This Hibernate (or JPA 2) Persistence Annotations Tutorial contains overview of all important annotations which you may need while annotating your java POJOs to make them act as persistent JPA entities. This tutorial first defines a POJO “EmployeeEntity“, define some attribute inside it and also has respective getter and setter methods. As we learn the new annotations, we will apply these annotations on this EmployeeEntity and then we will understand what that specific annotation means.

Let’s quickly list down the annotations, we are going to discuss in this tutorial.

Table of Contents

Most used JPA Annotations
	Entity Beans with @Entity
	Primary Keys with @Id and @GeneratedValue
	Generating Primary Key Values with @SequenceGenerator
	Generating Primary Key Values with @TableGenerator
	Compound Primary Keys with @Id, @IdClass, or @EmbeddedId
	Database Table Mapping with @Table and @SecondaryTable
	Persisting Basic Types with @Basic
	Omitting Persistence with @Transient
	Mapping Properties and Fields with @Column
Modeling Entity Relationships
Mapping Inheritance Hierarchies
	Single Table
	Joined Table
	Table per Concrete Class
Other JPA 2 Persistence Annotations
	Temporal Data with @Temporal
	Element Collections with @ElementCollection
	Large Objects with @Lob
	Mapped Superclasses with @MappedSuperclass
	Ordering Collections with @OrderColumn
Named Queries (HQL or JPQL)
	@NamedQuery and @NamedQueries
	Named Native Queries using @NamedNativeQuery

Above list is a pretty big list and leaves less scope of fully detailed information of items listed, yet I will try to include all relevant information, which will help you in making decisions. Let’s get started by having written down our EmployeeEntity POJO first and then start decorating it with JPA annotations in whole discussion.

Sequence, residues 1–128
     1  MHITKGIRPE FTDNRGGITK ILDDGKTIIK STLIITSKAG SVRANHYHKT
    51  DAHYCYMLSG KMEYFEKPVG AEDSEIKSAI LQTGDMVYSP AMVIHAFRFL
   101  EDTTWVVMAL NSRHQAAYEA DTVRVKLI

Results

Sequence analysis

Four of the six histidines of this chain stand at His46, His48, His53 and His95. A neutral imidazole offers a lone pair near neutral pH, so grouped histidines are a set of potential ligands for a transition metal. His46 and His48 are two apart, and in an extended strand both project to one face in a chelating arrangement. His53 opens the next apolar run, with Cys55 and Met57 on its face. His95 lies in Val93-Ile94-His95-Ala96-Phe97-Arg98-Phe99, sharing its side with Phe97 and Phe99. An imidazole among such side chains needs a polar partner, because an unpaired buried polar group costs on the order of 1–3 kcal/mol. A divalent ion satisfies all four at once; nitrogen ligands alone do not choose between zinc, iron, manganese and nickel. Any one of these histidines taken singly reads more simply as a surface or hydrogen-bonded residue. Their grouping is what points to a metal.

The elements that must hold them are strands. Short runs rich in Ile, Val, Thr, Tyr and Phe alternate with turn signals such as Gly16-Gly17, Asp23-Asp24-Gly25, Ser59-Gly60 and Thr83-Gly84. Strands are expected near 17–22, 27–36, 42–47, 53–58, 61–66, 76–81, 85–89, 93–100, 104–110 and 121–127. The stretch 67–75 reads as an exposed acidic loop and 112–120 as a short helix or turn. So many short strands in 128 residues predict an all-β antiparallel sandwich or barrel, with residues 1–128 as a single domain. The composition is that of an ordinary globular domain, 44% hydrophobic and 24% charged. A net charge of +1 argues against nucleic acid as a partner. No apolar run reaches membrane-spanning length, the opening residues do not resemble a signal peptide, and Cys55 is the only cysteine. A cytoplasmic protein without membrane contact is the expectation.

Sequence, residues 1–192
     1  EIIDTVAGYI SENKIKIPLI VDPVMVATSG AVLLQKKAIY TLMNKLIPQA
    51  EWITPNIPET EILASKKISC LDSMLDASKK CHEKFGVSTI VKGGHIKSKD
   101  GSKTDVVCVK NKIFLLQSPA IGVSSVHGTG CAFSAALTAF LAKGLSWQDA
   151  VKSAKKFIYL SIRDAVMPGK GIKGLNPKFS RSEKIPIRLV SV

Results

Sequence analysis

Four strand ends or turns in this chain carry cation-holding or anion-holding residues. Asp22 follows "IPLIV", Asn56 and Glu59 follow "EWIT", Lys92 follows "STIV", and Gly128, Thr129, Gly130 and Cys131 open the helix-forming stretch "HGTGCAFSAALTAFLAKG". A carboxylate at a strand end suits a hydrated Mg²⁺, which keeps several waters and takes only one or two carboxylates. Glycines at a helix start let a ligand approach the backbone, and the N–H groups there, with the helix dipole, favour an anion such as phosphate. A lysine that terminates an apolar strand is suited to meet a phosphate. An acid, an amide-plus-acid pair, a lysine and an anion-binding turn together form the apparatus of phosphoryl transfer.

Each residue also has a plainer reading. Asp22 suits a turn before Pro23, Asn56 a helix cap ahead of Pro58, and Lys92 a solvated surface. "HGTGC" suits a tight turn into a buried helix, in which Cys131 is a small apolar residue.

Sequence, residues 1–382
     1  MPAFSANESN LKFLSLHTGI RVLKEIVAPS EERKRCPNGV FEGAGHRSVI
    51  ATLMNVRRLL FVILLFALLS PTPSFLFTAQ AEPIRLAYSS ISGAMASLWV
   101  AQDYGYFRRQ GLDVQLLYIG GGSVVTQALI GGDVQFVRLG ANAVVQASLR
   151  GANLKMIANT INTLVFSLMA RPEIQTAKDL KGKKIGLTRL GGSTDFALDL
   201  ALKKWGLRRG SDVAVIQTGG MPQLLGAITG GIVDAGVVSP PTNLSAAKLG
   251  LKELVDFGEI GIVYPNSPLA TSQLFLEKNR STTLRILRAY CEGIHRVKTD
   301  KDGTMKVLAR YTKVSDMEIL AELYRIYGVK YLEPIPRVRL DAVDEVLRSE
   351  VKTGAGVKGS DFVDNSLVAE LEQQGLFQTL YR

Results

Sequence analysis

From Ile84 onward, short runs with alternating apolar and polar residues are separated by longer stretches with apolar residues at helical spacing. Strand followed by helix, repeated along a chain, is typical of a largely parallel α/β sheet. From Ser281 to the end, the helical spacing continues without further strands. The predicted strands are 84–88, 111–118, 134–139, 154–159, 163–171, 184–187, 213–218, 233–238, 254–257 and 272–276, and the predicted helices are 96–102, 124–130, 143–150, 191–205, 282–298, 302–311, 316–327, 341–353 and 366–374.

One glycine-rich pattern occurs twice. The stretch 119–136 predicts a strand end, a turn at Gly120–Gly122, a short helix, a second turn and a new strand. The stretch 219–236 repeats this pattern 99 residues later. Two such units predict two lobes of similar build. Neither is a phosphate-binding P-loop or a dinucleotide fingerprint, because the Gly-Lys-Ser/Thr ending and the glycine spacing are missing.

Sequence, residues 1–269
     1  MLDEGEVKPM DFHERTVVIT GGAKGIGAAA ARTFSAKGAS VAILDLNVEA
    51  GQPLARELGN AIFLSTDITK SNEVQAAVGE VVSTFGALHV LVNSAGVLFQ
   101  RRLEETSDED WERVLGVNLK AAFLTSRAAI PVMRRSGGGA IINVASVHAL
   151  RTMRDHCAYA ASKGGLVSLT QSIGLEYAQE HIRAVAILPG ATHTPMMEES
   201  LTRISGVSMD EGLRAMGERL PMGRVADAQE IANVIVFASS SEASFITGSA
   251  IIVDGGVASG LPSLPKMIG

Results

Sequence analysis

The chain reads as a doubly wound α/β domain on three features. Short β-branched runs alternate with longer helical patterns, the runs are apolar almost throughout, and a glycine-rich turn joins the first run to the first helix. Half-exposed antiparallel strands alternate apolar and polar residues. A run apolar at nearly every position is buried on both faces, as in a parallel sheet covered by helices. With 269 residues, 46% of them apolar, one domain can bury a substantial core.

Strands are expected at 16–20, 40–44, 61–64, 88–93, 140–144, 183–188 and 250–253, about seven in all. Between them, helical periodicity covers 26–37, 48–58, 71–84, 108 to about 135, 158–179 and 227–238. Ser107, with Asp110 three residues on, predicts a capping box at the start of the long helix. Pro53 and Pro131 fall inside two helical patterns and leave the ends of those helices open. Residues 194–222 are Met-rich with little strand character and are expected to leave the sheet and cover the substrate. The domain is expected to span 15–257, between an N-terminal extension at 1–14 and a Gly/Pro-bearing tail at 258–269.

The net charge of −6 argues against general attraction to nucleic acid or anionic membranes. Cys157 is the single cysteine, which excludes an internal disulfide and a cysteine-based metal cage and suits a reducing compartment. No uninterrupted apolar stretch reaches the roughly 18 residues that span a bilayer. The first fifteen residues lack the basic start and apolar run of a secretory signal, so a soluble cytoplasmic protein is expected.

package com.howtodoinjava.demo.test;

import java.io.Serializable;

public class EmployeeEntity implements Serializable
{
   private static final long serialVersionUID = 570235488278506106L;

   private Integer           employeeId;
   private String            firstName;
   private String            lastName;

   public Integer getEmployeeId()
   {
      return employeeId;
   }

   public void setEmployeeId(Integer employeeId)
   {
      this.employeeId = employeeId;
   }

   public String getFirstName()
   {
      return firstName;
   }

   public void setFirstName(String firstName)
   {
      this.firstName = firstName;
   }

   public String getLastName()
   {
      return lastName;
   }

   public void setLastName(String lastName)
   {
      this.lastName = lastName;
   }
}

Most used JPA Annotations

Hibernate / JPA 2 @Entity Annotation Tutorial

This shall be the first step to mark the POJO as JPA entity. To do this, we need to apply @Entity annotation as follows:

import javax.persistence.Entity;

@Entity
public class EmployeeEntity implements Serializable
{
	public EmployeeEntity(){

	}
	//Other code
}

The JPA 2 standard annotations are contained in the javax.persistence package, so we imported the annotation from this package. The @Entity annotation marks this class as an entity bean, so it must have a no-argument constructor that is visible with at least protected scope (JPA specific). Hibernate supports package scope as the minimum, but you lose portability to other JPA implementations because they might be allowing only protected level scope. Ideally, you should make this constructor public, which makes it highly compatible with other specifications as well. There are some more rules such as POJO class lust not be final; and it must not be abstract as well.